A member of the audience at Tuesday’s Copyright Matters event in the Coolidge Auditorium asked songwriter Jimmy Webb about Donna Summer’s version of his song, “MacArthur Park.” Webb explained that it was his first number one record as well as Summer’s first number one record. “I’m not a fan of disco, but I was crazy about that record!”
Webb’s reluctant enthusiasm for disco is thanks to the American Society of Composers, Authors and Publishers (ASCAP), formed in 1914 to address the rights of songwriters. The legendary tunesmith joined fellow songwriter and ASCAP President Paul Williams on the Coolidge stage earlier this week for the program ASCAP on the Occasion of its 100th Birthday, presented by the U.S. Copyright Office.
Register of Copyrights Maria A. Pallante began the program with a brief history of the ways copyright law has served songwriters – and how it has not. 18th Century copyright law did not specifically protect music. Further changes in regulations that protected sheet music publishers were unequipped to handle the repercussions of player pianos and recorded music. It’s a familiar story that continues to this day. A PowerPoint slide demonstrated the changing landscape of recorded music, from the vinyl record album to the iPod.
The recording chosen to represent the vinyl era was a curious and ironic choice. A Newark, New Jersey toy company released a Batman and Robin album credited to The Sensational Guitars of Dan and Dale, but the record actually featured members of the 60s rock band the Blues Project, as well as jazz legend Sun Ra and members of his Arkestra. Ironically, most of the musical selections on the album were classical pieces in the public domain, chosen in order to avoid licensing fees. The future is now: digital formats on YouTube, iTunes and streaming services present a new challenge for copyright law.
Pallante enlisted the help of Kermit the Frog to introduce Paul Williams. Williams, who has been President of ASCAP since 2009, was joined by Jimmy Webb in a discussion moderated by former White House Press Secretary Dee Dee Meyers.
Meyers asked the songwriters how they got started. Jimmy Webb’s father was a preacher. Webb started playing piano in church at the age of 12, and learned to improvise during services. Passing the plate could take 20 minutes, which gave the preacher’s son room to exercise his musical imagination. This did not always sit right with elderly members of the congregation, who approached Webb’s father after services to remark, “Your son is doing strange things!” Webb wrote his first song at age 13, and after that, “I never wanted to try anything else.”
Paul Williams’ songwriting came out of his failed acting career. “I felt like Montgomery Clift and looked like Hayley Mills.” When his diminutive stature kept him from getting many film roles (The Loved One is an early exception), he took that frustrated emotion and put it into songwriting. Webb talked about his experience walking into Motown offices, where he spent time as a staff writer. But times have changed, and “doors are not opening for young writers today.”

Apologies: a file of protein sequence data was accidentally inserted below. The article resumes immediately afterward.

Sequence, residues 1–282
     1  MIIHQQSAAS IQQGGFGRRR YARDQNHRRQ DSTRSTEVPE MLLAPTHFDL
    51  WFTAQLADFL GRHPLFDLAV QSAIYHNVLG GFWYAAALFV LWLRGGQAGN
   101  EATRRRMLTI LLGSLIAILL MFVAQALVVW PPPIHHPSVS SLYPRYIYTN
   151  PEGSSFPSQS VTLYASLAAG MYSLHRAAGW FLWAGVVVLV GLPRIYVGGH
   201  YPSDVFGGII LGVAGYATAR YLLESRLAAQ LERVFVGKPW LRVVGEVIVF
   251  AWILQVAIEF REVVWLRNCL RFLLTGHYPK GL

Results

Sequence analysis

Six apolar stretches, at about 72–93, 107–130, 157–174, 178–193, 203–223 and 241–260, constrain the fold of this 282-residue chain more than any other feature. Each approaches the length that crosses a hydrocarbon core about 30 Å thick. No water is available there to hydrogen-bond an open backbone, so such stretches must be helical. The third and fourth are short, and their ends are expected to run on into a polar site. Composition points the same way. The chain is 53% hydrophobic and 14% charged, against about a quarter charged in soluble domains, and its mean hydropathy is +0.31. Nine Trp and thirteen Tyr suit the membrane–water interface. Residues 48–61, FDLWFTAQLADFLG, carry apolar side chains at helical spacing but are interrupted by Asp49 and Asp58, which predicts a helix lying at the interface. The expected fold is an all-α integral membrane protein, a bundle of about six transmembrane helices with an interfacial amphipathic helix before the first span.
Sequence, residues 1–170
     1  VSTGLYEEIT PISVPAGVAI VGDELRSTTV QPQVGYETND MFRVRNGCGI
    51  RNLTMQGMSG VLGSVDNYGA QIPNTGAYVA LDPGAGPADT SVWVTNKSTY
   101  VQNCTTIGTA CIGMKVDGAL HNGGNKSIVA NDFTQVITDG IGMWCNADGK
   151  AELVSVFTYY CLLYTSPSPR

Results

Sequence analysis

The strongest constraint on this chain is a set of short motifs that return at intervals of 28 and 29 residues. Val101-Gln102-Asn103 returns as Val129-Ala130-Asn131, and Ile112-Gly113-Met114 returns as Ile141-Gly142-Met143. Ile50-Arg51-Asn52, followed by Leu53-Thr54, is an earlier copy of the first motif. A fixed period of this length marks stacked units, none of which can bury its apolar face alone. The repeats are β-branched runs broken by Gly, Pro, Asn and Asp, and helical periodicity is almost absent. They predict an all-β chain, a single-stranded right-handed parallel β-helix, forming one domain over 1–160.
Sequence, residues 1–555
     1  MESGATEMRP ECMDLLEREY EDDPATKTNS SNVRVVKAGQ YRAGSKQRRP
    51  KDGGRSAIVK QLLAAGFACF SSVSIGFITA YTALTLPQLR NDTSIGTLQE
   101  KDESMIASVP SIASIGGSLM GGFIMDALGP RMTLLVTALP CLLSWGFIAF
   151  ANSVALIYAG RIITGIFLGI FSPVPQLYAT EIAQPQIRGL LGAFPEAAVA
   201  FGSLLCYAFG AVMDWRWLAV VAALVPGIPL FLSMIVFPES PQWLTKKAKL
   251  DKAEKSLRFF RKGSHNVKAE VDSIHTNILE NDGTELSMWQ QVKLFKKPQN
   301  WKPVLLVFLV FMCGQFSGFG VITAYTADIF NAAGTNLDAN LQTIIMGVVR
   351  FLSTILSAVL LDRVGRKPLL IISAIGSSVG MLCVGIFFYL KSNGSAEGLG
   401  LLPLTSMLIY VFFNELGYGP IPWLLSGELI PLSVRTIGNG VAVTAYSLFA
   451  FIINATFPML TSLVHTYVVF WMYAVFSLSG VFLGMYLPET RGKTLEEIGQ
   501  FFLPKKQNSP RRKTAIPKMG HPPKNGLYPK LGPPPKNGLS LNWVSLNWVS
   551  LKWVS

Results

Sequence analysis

Discussion alternated with performances from the two guests. Webb sang “Up, Up and Away,” made famous by The Fifth Dimension. The song was banned for lyrics that supposedly described drug use, but Webb noted, “Of all the songs on the radio that week, this was the only one that wasn’t about drugs.” He asked members of the audience to help with the high note of “fly.”
Pianist Chris Caswell accompanied Paul Williams for a selection of his greatest hits. His first was “a love song that started with all the romance of a bank commercial.” Williams and Roger Nichols wrote, “We’ve Only Just Begun” for a television ad, but its signature performance by Karen Carpenter became one of the great love songs.
Williams and Webb were not just at the Library to sing. They were here to advocate for changes in copyright law to address songwriters’ concerns with licensing fees in the digital era. In the case of one streaming music site, the recording artist and record label are paid 14 times more in licensing fees than the songwriter.
Williams also performed a medley of two songs that began with the word “love”: The Barbra Streisand hit, “Evergreen” and the theme song from The Love Boat. Webb performed touching renditions of the Glen Campbell hit “Wichita Lineman” and “The Highwayman,” a 1985 Grammy winner performed by a country music super group that included Johnny Cash, Willie Nelson, Waylon Jennings, and Kris Kristofferson. Webb recalled telling Waylon Jennings that “The Highwayman” won “Best Country Song,” to which Jennings replied, “What country is that?”
Williams celebrated his own recent Grammy win. His pair of Grammys represent a shift in the pop music firmament over the years. Williams won a Grammy in 1976 for “Evergreen,” from the Barbra Streisand and Kris Kristofferson remake of A Star is Born. His recent Grammy came from a song he wrote and performed for Daft Punk’s Random Access Memories, named Album of the Year. Williams said, “For a 73-year-old to end up on an [Intelligent Dance Music] album is a sign of interesting times.”
Back to “MacArthur Park.” The song was initially a hit for actor Richard Harris. An audience member asked Webb how that unusual collaboration came to be. “Guiness had a lot to do with it.”